Now back to the big time, Kirui who won the Barcelona Half Marathon on February 26 with a 60:28 performance to offer a tacit reminder of his talent is among the six probables that will battle for the London Olympics tickets in the men’s Kenyan team.
His transformation from an almost also run to the pedestal of ultimate distance running begun taking shape last year when he switched his training from his native Kapsabet to Iten under the watchful eye of veteran Italian coach, Renato Canova.
During his work-out witnessed by the international press people, Canova was seen to try and curb his sometimes excessive enthusiasm that according to him saw Kirui over train for the botched 2010 New York Marathon.
“Canova is a man almost 70, so old is gold all the time. He has the wise words and wise programmes. If you follow what he tells you, you will succeed.
“He gave good programmes and I respect him as a grand father.”
Four of the six Olympics probables including Kirui will line-up at the London Marathon in a contest that is all but the Kenyan Trial for the Summer Games.
With a career best of 2:05:04 achieved at the 2009 Rotterdam Marathon, he will face World record holder, Patrick Makau (2:03:38), Frankfurt winner, Wilson Kipsang (2:03:42) and defending champion, Mutai (2:04:40) at a showdown where the clock will be of much interest as the contest.
“We are going to London a very strong team. Moses Mosop is thinking of making something in Rotterdam which is a good course to break the world record. This time, 2:03, 2:02 is not far and we could do something great in London,” he predicted.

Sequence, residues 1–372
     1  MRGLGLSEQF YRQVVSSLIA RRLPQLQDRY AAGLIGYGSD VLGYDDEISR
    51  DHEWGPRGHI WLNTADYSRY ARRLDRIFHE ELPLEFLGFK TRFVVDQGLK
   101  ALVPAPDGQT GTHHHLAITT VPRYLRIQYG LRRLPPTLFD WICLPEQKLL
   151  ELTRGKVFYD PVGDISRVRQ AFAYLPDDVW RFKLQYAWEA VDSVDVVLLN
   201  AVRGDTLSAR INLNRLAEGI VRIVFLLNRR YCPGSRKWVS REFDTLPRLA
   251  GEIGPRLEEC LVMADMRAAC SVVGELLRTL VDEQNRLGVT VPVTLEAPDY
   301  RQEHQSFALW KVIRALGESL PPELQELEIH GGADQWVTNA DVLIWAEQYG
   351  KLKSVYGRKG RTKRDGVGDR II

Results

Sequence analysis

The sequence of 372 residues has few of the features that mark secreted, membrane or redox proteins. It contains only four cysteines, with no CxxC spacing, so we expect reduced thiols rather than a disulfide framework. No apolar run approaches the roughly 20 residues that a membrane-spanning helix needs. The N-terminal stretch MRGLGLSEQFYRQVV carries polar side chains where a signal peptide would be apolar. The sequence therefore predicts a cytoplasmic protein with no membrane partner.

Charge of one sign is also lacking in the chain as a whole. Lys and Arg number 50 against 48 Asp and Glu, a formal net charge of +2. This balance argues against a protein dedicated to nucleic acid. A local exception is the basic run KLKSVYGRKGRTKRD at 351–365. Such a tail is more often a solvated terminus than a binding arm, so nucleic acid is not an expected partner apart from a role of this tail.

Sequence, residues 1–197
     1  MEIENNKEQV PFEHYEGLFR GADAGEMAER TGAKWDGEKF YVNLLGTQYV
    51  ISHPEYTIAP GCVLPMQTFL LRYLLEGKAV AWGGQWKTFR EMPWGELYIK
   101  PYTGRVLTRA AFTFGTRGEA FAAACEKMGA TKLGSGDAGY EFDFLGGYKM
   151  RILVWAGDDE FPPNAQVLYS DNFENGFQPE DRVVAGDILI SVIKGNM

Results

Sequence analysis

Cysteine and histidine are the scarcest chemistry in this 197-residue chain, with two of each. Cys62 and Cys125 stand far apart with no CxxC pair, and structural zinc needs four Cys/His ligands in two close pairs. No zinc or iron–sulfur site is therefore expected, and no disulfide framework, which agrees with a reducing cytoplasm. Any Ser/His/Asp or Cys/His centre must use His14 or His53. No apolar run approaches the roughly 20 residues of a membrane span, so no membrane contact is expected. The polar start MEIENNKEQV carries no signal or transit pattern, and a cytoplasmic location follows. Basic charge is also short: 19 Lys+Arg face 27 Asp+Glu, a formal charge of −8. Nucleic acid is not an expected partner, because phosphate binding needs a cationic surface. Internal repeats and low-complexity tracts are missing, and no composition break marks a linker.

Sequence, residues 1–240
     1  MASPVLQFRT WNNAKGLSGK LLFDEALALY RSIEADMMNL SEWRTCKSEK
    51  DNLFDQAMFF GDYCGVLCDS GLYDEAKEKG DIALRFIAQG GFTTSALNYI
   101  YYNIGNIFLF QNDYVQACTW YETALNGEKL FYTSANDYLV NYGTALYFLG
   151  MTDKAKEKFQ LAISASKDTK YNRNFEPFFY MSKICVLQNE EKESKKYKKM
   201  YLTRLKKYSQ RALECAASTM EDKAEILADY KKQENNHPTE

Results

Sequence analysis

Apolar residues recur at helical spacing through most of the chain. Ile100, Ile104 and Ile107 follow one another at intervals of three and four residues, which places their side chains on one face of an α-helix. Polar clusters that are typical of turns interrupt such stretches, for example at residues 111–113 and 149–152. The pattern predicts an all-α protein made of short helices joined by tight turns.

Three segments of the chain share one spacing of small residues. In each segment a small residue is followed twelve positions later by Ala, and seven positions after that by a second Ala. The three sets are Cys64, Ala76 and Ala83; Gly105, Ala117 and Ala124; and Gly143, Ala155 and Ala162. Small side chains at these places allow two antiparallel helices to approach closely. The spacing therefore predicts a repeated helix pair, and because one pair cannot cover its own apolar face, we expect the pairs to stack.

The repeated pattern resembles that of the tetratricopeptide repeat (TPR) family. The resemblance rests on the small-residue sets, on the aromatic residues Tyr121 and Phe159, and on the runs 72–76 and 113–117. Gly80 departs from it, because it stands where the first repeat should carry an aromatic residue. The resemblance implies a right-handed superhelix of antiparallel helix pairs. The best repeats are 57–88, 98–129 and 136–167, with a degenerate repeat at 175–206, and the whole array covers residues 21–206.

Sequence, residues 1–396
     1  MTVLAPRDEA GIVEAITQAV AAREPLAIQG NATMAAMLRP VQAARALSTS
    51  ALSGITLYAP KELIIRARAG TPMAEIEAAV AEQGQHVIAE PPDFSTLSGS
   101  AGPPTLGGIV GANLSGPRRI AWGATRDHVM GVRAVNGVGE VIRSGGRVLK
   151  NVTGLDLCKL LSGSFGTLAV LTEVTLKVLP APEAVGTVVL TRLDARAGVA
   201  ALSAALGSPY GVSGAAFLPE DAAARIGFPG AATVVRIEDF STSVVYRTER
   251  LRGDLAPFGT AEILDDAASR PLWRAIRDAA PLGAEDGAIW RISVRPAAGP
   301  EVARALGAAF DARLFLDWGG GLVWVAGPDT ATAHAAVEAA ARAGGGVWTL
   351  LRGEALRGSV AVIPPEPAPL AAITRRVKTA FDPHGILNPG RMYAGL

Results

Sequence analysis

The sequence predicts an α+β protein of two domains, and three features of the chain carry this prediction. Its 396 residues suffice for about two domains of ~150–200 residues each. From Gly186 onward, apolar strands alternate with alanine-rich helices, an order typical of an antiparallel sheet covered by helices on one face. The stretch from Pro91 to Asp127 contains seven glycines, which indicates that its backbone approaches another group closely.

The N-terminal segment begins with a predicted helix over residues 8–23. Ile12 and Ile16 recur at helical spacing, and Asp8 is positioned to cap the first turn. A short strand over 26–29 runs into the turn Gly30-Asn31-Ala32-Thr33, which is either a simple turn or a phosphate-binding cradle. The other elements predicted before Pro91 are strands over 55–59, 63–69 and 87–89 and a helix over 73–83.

“What gives me confidence that when my body is on its own I’m under no pressure or worries. The worry is when the body is not able to be at the same level with the engine.
“It will be very tough and it depends on the wisdom of the runner and training. There is some Fartlek inside, speed work inside, tension among the competitors. It needs a lot of care,” he added.
Chicago Marathon winner, Mosop (2:03:06) as well as Boston (2:03:02) and New York (2:05:05) champion and course record holder, Geoffrey Mutai are the others in the London probables sextet.
“Geoffrey and Mosop are very dangerous,” he confessed.
With four sub 2:04 performances recorded by Kenyans last season, Kirui was inevitably asked what had caused the explosion of super fast times by his country’s ultimate distance runners.
“Compared to the previous times, people used to train two months before the race and this is not happening now. People have a closed programme and competing in different races and this is improving the speed,” he offered.